Bow ties and the V-area
My opinion on bow ties tends to go back and forth. Obviously, I prefer them for black tie. This leads me to think maybe I should buy a few to try with other more casual ensembles. But then I remember how frustrated I get when tying one and my preference toward neckties stands. 
Regardless of whether I’ll eventually branch away from my comfort zone, I do think there are instances when a bow tie looks better on a man wearing a suit or jacket than others. 
Unlike neckties, bow ties don’t venture vertically down the torso into the V-area created by the jacket’s lapels and the shirt underneath. Instead, they stay toward the top on the collar and push the attention toward one’s face, which is fine but also can create a problem. 
If your jacket (typically a two-button, single-breasted) is cut in a way that has a very deep V-area, this can leave a huge expanse of fabric that’s not broken up down to the buttoning point. Combined with a bow tie, this can look awkward.
The solution is to wear the bow tie with outfits that expose less of the shirt to begin with. You can take the approach of Joseph Cotten above and wear a waistcoat, which makes three-piece suits ideal. Some double-breasted suits would also work as many of them have shallower V-areas. 
Another option would be to layer a sweater, such as a cardigan or a deep V-neck under the jacket. I’ve also seen some three-button jackets with the lapels rolling on the second button that’s helped this problem, too. 
-Kiyoshi

Bow ties and the V-area

My opinion on bow ties tends to go back and forth. Obviously, I prefer them for black tie. This leads me to think maybe I should buy a few to try with other more casual ensembles. But then I remember how frustrated I get when tying one and my preference toward neckties stands.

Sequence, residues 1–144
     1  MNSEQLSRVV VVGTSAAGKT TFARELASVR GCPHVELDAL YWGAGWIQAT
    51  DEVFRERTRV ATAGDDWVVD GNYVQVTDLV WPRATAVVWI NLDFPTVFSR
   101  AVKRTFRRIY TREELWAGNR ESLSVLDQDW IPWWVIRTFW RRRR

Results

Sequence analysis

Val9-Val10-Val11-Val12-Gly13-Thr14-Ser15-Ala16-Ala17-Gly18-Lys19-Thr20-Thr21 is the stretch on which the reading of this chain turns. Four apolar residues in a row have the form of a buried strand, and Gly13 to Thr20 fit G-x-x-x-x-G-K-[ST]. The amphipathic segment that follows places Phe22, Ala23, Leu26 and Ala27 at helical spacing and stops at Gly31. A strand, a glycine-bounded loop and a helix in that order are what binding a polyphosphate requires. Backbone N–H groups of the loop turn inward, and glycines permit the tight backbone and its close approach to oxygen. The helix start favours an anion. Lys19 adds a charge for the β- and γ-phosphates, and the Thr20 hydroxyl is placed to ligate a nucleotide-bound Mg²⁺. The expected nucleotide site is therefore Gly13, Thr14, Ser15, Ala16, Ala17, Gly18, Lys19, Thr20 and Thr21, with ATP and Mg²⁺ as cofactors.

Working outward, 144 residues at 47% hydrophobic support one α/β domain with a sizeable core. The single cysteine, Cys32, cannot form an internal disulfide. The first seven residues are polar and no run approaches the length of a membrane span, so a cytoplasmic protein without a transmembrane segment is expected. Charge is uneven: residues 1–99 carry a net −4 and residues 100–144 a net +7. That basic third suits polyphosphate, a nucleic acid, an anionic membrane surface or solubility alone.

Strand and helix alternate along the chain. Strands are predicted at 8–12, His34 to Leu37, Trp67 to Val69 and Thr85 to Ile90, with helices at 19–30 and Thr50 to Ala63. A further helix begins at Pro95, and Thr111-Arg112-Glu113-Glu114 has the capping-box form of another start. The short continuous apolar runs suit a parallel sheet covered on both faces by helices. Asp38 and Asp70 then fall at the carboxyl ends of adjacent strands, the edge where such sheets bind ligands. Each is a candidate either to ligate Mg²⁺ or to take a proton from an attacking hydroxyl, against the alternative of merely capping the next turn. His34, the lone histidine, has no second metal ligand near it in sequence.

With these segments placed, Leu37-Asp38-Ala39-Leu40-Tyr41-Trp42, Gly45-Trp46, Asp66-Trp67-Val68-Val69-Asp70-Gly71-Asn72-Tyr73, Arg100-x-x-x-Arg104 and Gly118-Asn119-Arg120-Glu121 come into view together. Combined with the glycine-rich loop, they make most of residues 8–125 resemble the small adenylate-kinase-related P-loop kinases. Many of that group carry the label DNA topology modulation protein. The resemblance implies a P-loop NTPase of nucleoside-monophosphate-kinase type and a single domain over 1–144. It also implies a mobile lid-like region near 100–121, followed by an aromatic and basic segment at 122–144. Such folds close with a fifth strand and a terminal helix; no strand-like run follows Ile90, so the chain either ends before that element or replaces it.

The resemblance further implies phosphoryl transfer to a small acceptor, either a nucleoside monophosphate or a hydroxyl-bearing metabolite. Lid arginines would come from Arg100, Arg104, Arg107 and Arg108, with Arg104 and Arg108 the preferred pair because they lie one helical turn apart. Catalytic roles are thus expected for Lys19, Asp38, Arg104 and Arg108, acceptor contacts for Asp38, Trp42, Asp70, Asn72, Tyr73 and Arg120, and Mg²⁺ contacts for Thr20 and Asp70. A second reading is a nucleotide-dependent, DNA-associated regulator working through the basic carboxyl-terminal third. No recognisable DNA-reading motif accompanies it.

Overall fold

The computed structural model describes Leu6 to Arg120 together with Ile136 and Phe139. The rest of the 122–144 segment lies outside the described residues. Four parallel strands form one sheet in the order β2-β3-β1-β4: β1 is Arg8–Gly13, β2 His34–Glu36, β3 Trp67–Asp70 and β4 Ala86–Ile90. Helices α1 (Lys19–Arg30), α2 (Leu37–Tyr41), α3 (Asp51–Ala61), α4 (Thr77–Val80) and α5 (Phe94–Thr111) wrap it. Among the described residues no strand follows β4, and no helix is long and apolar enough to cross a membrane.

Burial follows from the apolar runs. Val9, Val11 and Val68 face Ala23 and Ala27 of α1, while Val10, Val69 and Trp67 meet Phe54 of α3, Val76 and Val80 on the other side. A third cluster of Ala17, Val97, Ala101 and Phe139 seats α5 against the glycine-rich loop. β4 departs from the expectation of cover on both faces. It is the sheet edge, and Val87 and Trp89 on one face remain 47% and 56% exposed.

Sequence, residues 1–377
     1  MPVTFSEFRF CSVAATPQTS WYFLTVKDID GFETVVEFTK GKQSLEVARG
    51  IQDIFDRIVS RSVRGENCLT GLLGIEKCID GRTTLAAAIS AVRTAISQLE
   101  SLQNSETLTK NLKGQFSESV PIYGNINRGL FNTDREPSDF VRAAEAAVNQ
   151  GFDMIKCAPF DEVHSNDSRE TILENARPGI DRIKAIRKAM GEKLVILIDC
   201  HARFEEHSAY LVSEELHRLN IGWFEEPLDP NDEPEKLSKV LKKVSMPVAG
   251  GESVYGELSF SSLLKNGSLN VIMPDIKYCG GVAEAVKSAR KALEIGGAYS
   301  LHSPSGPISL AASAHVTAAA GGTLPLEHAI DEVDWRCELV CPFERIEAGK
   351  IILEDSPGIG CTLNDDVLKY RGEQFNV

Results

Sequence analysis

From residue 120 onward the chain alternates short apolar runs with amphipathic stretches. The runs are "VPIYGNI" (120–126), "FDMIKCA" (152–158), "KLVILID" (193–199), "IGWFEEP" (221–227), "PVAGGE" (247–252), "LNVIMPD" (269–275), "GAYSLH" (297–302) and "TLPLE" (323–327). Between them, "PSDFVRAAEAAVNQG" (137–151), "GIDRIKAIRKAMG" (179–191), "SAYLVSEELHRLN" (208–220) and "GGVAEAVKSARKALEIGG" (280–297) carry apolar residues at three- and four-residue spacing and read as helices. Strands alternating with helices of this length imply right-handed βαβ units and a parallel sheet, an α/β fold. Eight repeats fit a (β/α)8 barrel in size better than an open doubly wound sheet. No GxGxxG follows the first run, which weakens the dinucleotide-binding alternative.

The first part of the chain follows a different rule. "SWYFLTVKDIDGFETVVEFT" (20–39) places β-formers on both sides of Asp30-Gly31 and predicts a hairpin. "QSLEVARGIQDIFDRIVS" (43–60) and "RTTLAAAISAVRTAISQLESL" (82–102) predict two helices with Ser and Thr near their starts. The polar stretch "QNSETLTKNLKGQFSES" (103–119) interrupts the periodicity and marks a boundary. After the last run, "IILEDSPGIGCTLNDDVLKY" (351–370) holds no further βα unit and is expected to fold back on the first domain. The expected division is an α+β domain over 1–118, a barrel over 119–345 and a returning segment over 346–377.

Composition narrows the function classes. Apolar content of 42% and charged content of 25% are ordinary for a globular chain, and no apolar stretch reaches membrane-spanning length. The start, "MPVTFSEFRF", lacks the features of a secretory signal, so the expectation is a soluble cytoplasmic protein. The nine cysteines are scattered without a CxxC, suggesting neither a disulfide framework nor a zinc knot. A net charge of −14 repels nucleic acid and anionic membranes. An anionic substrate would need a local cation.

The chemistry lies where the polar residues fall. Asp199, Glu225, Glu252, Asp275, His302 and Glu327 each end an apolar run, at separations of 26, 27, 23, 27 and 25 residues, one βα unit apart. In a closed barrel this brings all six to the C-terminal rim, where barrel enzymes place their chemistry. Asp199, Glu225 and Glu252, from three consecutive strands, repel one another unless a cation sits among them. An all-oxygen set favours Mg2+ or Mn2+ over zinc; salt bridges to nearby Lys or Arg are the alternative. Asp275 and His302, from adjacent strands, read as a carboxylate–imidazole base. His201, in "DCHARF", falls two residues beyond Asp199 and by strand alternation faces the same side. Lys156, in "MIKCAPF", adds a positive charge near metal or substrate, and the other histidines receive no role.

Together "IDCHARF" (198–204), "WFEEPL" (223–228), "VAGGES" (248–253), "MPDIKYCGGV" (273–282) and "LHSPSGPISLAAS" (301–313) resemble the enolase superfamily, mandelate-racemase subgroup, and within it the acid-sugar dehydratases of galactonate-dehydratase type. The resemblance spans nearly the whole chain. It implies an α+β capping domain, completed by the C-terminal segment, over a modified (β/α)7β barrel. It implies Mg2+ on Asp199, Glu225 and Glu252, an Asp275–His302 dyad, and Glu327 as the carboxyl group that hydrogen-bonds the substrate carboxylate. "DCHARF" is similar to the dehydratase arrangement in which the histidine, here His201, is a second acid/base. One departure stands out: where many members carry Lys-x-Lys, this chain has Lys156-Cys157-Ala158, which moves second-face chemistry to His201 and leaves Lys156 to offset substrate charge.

Regardless of whether I’ll eventually branch away from my comfort zone, I do think there are instances when a bow tie looks better on a man wearing a suit or jacket than others. 

Unlike neckties, bow ties don’t venture vertically down the torso into the V-area created by the jacket’s lapels and the shirt underneath. Instead, they stay toward the top on the collar and push the attention toward one’s face, which is fine but also can create a problem. 

If your jacket (typically a two-button, single-breasted) is cut in a way that has a very deep V-area, this can leave a huge expanse of fabric that’s not broken up down to the buttoning point. Combined with a bow tie, this can look awkward.

The solution is to wear the bow tie with outfits that expose less of the shirt to begin with. You can take the approach of Joseph Cotten above and wear a waistcoat, which makes three-piece suits ideal. Some double-breasted suits would also work as many of them have shallower V-areas. 

Another option would be to layer a sweater, such as a cardigan or a deep V-neck under the jacket. I’ve also seen some three-button jackets with the lapels rolling on the second button that’s helped this problem, too. 

-Kiyoshi